Authored by Phuoc Le, M.D. and Sam Aptekar
“Kijan ou ye? How are you?” I asked my patient, a fifty-five year-old Haitian-American woman living in Dorchester, Massachusetts. It was 2008. I had been her primary care doctor for two years and was working with her to reduce her blood pressure and cholesterol levels. “Papi mal dok– I’m doing ok doc.” We talked for 15 minutes, reviewed her vital signs and medications, and made a plan. I then electronically transmitted a new prescription to her pharmacy. The encounter was like thousands of others I’d had as a physician, except for one key difference– I was in Rwanda, 7,000 miles away from Dorchester and 6 hours ahead of the East Coast time zone.
At the time, I knew that telemedicine – the practice of providing healthcare without the provider being physically present with the patient – was a resourceful means of working with rural populations that have limited access to healthcare. However, I had no idea that just ten years down the road, many health professionals and policymakers would laud the emerging tech field as the answer to inaccessible healthcare for rural communities. While I’m aware of telemedicine’s promising benefits, I’m certain that it cannot, on its own, solve the most pressing issues that continue to afflict the rural poor and underserved.
Ever since the invention of the telephone, providers have been practicing telemedicine. However, not until the advent of advanced technologies such as high-speed internet, smartphones, and remote-controlled robotic surgery, has the field of telemedicine started to beg the question: “Do we still need in-person interactions between patient and doctor to provide high quality healthcare?” This question is particularly important for patients who live in rural areas, where a chronic shortage of providers has existed for decades.
In a recent article by Forbes magazine, “Telemedicine: The Latest Futuristic Tech Prediction from the Jetsons to Come True,” Joe Harpaz praises the burgeoning industry as the solution to inaccessible healthcare among rural populations in the United States. Referring to telemedicine’s growing popularity among medical professionals and tech entrepreneurs, Harpaz writes, “This future promises a world where the distinction between telehealth and health dissolves, leaving us with one universal term: healthcare.” To be sure, Harpaz’s take is in line with the popular opinion on the growing industry that seeks to provide care for patients without a medical provider being physically present.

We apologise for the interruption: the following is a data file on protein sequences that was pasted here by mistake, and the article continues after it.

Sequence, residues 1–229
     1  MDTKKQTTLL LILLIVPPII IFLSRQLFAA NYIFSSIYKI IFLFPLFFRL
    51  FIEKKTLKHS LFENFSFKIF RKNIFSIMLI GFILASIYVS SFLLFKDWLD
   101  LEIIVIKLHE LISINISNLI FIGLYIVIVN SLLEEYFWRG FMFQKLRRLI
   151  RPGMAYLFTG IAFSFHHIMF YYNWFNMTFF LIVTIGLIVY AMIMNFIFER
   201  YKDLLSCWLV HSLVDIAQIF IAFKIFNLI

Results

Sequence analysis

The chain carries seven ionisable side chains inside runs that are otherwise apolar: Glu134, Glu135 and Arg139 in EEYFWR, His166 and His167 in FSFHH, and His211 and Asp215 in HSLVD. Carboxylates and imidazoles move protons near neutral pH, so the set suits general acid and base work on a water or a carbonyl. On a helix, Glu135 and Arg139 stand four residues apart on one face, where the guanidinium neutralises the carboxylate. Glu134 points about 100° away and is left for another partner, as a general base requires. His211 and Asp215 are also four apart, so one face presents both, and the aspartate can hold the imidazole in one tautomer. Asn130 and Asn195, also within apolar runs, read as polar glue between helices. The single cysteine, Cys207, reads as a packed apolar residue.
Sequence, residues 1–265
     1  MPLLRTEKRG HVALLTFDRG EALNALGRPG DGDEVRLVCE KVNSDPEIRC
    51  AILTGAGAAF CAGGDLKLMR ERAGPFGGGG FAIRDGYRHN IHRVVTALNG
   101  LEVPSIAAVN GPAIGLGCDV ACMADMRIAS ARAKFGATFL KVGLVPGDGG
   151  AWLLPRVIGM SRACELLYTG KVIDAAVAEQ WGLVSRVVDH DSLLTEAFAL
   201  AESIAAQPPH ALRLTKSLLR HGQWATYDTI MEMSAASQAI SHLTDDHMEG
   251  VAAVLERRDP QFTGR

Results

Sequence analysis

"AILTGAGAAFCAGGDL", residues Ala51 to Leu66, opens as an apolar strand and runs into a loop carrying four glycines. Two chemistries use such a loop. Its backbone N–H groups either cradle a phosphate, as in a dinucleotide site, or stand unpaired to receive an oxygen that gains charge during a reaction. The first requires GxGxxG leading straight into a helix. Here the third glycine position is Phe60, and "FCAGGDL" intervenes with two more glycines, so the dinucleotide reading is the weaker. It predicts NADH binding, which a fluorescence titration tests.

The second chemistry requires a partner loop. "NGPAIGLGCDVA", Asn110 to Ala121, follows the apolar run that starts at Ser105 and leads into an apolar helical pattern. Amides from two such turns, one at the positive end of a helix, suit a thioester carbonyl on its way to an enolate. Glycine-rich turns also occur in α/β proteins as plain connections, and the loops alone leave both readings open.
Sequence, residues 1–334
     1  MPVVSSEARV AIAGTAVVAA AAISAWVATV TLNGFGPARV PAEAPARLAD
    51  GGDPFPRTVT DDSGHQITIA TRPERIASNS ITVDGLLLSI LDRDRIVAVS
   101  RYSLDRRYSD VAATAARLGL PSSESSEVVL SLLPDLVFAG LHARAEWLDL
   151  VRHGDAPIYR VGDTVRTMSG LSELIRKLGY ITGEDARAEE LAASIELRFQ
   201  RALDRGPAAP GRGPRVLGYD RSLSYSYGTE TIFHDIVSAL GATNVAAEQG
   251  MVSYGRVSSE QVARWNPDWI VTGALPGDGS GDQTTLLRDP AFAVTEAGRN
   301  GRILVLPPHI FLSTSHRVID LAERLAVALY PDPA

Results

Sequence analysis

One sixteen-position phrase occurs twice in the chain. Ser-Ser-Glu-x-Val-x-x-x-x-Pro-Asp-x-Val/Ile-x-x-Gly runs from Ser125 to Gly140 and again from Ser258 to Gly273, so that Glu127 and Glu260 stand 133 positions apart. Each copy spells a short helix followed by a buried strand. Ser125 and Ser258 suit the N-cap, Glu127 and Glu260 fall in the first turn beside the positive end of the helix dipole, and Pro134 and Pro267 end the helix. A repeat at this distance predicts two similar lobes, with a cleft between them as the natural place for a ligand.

Smart glasses, health apps, interactive patient cubicles, and robots that bring live video calls to a patient’s bedside are a few innovations among the slew that are currently attracting investors from all over the world. According to Mordor Intelligence, global telemedicine will be worth $66 billion by 2022. With the ubiquity of telemedicine quickly approaching, it is critical that we take an honest look at not only what problems telemedicine can help alleviate, but also those that exist beyond the reach of telemedicine’s capabilities.
Telemedicine certainly stands to benefit some of the most rural communities in the United States and throughout the world. Rural communities make up about 20% of the U.S. population, but access only 9% of the country’s healthcare providers. Far too many rural patients are expected to travel hours to reach a medical specialist or get a routine check-up, forcing them to take time off work, pay for transportation, and wait excessive amounts of time before receiving a critical procedure or prescription. A recent study that examined the use of telemedicine in 24 rural hospitals in Kansas, Oklahoma, Arkansas, and Texas found that telemedicine saves hospitals money by allowing them to outsource specialist consultations, and saves patients money by promoting financial stability. According to Indian Health Services (IHS), which in 2016 awarded $6.8 million to provide telemedicine to 130,000 American Indians and Alaskan Natives in the Great Plains area, “telemedicine can be one of the best ways to get health care services where they are needed most…strengthening access to care at IHS health facilities in Iowa, Nebraska, and North Dakota.”
For rural communities with limited access to healthcare, telemedicine can provide an effective means of increasing that accessibility. But healthcare providers should not consider telemedicine a panacea that will eliminate the issues of accessibility and equity in our healthcare system. Everyone deserves access to a clinician who can physically examine and treat patients. For my patient in 2008, the ability for me to treat her blood pressure remotely from Rwanda was surely predicated on my in-person relationship and rapport that I had built up with her, in person, over the prior two years. Ensuring that “healthcare” becomes a “universal term,” as Harpaz predicts above, will take far more than technological innovation; it requires continued advocacy for structural changes in a healthcare system so that it provide everyone, regardless of income or geographic location, with access to the best possible healthcare providers.